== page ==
I Might Not Remember Your Name

We’ve been trying to piece our different recollections of our last Bangkok trip into one seamless story but after 20 years the details are a little hazy. We keep having conversations that sound eerily familiar to how I remember G’s parents talking about old friends from a different time and a different place.

“Who was that guy that we went to see? He was in an apartment, we went there for dinner…or did we meet him there and then go out for dinner?” I ask G while we drink our beers looking out the window at the evening skyline of Bangkok.

“Andrew” he says, predicting my next question “I worked with him, remember I stayed with him after we got married before you joined me in Perth”.

My mind rewinds like an old cassette deck, I see my Dad, our wedding, I fast forward to a few weeks later the last lunch before he and Mum took me to the airport. I cried from Adelaide to Perth, four hours. I knew that it was the beginning of a new life. I think of my Dad’s wedding speech knowing that we were moving to the other side of the country “darling in the words of Dorothea Mackellor there’s going to be a lot of wide brown land between us” his voice cracked with emotion, people audibly sighed. That was when plane rides for us were domestic, within the county no passport required we drove home for Christmas. A year later G and I moved to Jakarta, we were heading towards twenty years of new passports, new countries and goodbyes.

G’s been working this week while I’ve been devouring the streets of Bangkok. And when I say devouring I mean every aspect of travel. I’ve let out squeals of delight when I’ve managed to navigate the hotel to the skytrain to the subway to the skywalk to the suggestion of a great place to eat. And eat I have. I’ve taken tuk tuks to get a coconut ice cream, I’ve walked for twenty minutes in the sun to find a Japanese cheesecake. I know I know I’m in Thailand but this cheesecake came with a strong recommendation and it was worth every step. I’ve sniffed my way through the flower markets and bartered while giggling and shaking my head. I’ve been refreshed, rejuvenated by the simple pleasure of landing somewhere foreign.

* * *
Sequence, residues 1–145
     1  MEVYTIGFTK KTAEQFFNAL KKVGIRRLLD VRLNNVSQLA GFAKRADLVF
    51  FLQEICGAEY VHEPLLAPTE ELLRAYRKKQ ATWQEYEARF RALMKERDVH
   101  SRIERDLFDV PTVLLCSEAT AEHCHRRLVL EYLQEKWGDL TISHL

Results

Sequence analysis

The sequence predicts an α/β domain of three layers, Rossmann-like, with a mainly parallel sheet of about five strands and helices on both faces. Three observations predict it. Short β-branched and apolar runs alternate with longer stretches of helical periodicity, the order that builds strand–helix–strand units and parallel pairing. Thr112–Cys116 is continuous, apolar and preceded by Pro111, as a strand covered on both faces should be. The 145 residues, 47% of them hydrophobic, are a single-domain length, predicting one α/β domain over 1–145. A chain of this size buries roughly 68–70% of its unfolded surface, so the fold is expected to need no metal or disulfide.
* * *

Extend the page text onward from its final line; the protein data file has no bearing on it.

Twenty years ago I did this trip with a one year old and the challenges were entirely different – keeping her happy and hydrated while I made my way around without google maps or a smartphone. My adventures were curbed by the fear of a relatively new parent *what if I break her* a voice in my head played on repeat.

That’s the weird thing about parenting; it’s an exercise in confidence. You begin with none and then slowly gain it year by year, child by child. And just when you begin to feel like you’ve got a handle on things your children turn into teenagers and begin to borrow a little bit of your confidence to use for themselves.

“Mum, I reckon you’ve got early dementia you can’t ever remember anyone’s name” she tells me as I stumble over the details (again). I want to remind her that I’ve got over 50 years worth of names in my brain and four children who have collectively lived in seven different countries. And to be honest Georgia and Georgina are two very freaking similar names and you all seem to know more than one of them?! I don’t say that though, because experience has taught me to choose my battles, in the words of a famous group of penguins smile and wave boys smile and wave.

Maybe I have got early dementia? The seed has been planted. A chink in the confidence armour. They happen daily now. Maybe I should think about fillers for my face? Chink. Why does it feel like everyone else is doing it? Overnight I’ve gone from carefree maintenance to a daily need to moisturise. My hair is yet to go grey it’s a gift from my father. To be fair I need to tell you that English is the second language of the girl at the hairdressers who asked me how old I was and then shrieked to her co-worker “Oh lah, this lady is really really old and look how dark her hair is”. This lady is really really old.

No she’s not. I need to keep reminding myself. No she’s not. Hang on, that’s not right. So what if she is? Chink, I straighten out the armour, grab my shield and get ready to go again.

I stand in front of the mirror at the gym. I’m holding weights while I squat. I feel strong, much stronger than I did ten years ago. I’m on the 22nd floor of a beautiful hotel and the view behind me is spectacular. Life is good. I’m planning my day in my head with each squat: back to the sky train, then the subway, the floating markets, the silk house, the authors lounge, don’t forget the silver must go and see the silver. I am without restraint, no strollers, no sterilized bottles, no need to throw in a water park or a swing set along the way to keep everyone happy. I will do with my day as I want and maybe I won’t remember everyone’s name. They’ll forgive me, I’m old.

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